Celebrating Amanda Crowe, Famed Native American Woodcarver

U.S. National Archives and Records Administration, Wikimedia Commons // Public domain
U.S. National Archives and Records Administration, Wikimedia Commons // Public domain

Amanda Crowe created remarkable works of art with just a mallet and chisel, transforming blocks of wood into bears, raccoons, deer, moose, and owls. The late Eastern Band Cherokee Indian woodcarver, who died in 2004, is being celebrated in today’s Google Doodle.

A video featuring images of some of Crowe’s works was released in recognition of Native American Heritage Month. The musical accompaniment was composed by her nephew, William “Bill” H. Crowe, Jr., and the video highlights some of Crowe’s best-known quotes.

“I carve because I love to do it,” Crowe once said. “The movement of the grains—they almost seem alive under your hands—and the beautiful tones and textures all add life to the figures you whittle.”

Crowe was born in the Qualla Boundary, North Carolina on July 16, 1928, and her uncle started teaching her how to carve wood when she was just four years old. She later commented that she was “barely old enough to handle a knife” when she first started learning, but she clearly had a knack for working with her hands.

After honing her craft throughout her childhood and teen years, she was offered a scholarship to the Art Institute of Chicago. There, she studied various media—including plaster, stone, and metal—but she always gravitated toward wood. Crowe went on to earn a master’s degree and spent some time in Mexico studying with Spanish sculptor José de Creeft.

When she finally returned home to the Qualla Boundary, she spent the next 40 years teaching art at Cherokee High School. According to Google, she is often credited with helping to restore interest in Cherokee carving—an ancestral tradition and a unique art form. Her carvings have carried her legacy around the world, having been displayed at museums in the U.S., England, Germany, and beyond.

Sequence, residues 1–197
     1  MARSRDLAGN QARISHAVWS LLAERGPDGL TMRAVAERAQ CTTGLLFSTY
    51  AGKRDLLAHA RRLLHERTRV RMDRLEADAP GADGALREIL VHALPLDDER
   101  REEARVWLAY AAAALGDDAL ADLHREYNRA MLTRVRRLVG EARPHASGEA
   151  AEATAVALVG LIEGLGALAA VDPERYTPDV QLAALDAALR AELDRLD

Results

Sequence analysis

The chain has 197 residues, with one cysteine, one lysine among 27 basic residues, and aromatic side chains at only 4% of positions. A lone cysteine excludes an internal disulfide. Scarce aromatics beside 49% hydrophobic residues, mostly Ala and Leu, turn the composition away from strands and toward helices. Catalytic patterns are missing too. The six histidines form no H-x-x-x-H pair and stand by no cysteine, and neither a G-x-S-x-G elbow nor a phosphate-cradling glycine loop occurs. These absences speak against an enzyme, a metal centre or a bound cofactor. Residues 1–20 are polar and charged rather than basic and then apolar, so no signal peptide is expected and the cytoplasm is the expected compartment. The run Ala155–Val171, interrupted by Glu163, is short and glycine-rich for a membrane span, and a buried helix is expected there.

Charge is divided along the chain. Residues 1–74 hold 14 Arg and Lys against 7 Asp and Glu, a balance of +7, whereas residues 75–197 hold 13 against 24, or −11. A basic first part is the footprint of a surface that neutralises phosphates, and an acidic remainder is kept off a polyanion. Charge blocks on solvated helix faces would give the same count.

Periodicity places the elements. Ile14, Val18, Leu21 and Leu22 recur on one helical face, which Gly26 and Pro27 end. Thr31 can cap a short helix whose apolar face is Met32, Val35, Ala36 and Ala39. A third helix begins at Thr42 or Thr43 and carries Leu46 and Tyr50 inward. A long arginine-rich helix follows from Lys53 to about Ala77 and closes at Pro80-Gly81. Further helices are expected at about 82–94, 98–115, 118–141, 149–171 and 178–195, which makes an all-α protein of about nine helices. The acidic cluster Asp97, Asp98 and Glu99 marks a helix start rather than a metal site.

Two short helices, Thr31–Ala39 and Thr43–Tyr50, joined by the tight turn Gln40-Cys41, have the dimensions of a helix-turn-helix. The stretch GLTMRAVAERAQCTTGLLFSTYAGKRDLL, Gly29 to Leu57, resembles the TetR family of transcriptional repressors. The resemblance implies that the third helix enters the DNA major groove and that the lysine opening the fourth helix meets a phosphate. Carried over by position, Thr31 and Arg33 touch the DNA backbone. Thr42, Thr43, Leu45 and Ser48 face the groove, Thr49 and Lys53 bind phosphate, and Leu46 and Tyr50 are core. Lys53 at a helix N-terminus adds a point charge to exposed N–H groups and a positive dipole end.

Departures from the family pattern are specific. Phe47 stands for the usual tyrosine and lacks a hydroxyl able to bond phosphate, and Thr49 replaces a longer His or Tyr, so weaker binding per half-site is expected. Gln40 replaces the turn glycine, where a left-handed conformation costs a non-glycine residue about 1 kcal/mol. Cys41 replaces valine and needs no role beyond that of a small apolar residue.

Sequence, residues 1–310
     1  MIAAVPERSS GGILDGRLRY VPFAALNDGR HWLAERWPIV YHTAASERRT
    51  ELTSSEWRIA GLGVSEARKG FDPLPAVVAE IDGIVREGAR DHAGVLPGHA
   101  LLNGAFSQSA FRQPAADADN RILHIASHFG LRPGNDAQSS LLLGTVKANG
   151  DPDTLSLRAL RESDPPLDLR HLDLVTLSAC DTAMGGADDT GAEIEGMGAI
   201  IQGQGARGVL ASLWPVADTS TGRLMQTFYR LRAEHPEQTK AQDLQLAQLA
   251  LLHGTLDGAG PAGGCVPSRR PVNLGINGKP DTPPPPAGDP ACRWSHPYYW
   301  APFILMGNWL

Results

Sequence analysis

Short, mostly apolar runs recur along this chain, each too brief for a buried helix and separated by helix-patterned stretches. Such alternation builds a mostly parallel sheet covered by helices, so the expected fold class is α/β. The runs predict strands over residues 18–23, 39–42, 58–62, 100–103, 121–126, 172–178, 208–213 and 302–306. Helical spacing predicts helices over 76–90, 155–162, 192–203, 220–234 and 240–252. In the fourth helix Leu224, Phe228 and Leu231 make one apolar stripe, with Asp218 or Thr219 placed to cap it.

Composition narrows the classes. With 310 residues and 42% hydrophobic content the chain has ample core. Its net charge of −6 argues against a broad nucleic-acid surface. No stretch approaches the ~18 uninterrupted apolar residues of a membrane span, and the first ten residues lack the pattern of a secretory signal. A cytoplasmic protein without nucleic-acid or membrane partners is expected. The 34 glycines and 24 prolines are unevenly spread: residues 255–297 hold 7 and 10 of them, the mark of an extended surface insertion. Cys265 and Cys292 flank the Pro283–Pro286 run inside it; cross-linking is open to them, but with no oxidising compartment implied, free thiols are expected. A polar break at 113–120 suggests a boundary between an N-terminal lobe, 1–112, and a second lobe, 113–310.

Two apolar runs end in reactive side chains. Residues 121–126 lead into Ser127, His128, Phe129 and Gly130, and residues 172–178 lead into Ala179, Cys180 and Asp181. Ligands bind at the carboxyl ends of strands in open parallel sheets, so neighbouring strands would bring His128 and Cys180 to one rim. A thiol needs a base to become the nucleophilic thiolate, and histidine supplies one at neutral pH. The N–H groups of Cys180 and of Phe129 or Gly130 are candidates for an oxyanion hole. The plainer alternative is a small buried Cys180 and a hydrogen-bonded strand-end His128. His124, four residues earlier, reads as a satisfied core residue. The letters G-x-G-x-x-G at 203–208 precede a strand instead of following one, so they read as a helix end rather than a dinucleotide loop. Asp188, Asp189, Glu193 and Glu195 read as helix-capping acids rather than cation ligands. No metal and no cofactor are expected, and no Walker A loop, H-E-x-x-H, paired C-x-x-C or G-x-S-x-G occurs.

22 Weird Jobs From 100 Years Ago

Metal Floss via YouTube
Metal Floss via YouTube

Before everyone started working in tech, people actually had their choice of eclectic and strange vocations that put food on their old-timey tables. Discover what lamplighters, lectores, and knocker-uppers did back in the day as Mental Floss editor-in-chief Erin McCarthy runs down 22 Weird Old Jobs from 100 Years Ago.

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The Definition of Museum Could Be Changing

The Louvre Museum in Paris, France.
The Louvre Museum in Paris, France.
roman_slavik/iStock via Getty Images

If you’ve always casually defined museum as “a place to see art or historical objects,” you’re not necessarily wrong. But the International Council of Museums (ICOM) has a more specific, official guideline that defines a museum as “a non-profit, permanent institution in the service of society and its development, open to the public, which acquires, conserves, researches, communicates, and exhibits the tangible and intangible heritage of humanity and its environment for the purposes of education, study, and enjoyment.”

ICOM’s 40,000 members have been adhering to this definition for almost 50 years to represent more than 20,000 museums around the world. Now, The Art Newspaper reports, some members want to change it.

On July 22, the organization’s executive board convened in Paris and composed a new definition that Danish curator Jette Sandahl believes better suits the demands of “cultural democracy.” By this updated description, a museum must “acknowledg[e] and addres[s] the conflicts and challenges of the present,” “work in active partnership with and for diverse communities to collect, preserve, research, interpret, exhibit, and enhance understandings of the world,” and “contribute to human dignity and social justice, global equality, and planetary wellbeing.”

The proposal immediately elicited harsh reactions from a number of other members of the museum community, who felt the text was too ideological and vague. François Mairesse, a professor at the Université Sorbonne Nouvelle and the chair of the International Committee of Museology, even resigned from the revisory commission—led by Sandahl—earlier this summer when he realized the new definition wasn’t, by his standards, really a definition. “This is not a definition but a statement of fashionable values, much too complicated and partly aberrant,” he told The Art Newspaper. “It would be disastrous to impose only one type of museum.”

The current plan is for ICOM members to vote on the definition at the general assembly on September 7 in Kyoto, Japan, but 24 national branches and five museums’ international committees have petitioned to postpone the vote—they’d like some time to create their own definition for museum and present it as a counter-proposal.

[h/t The Art Newspaper]

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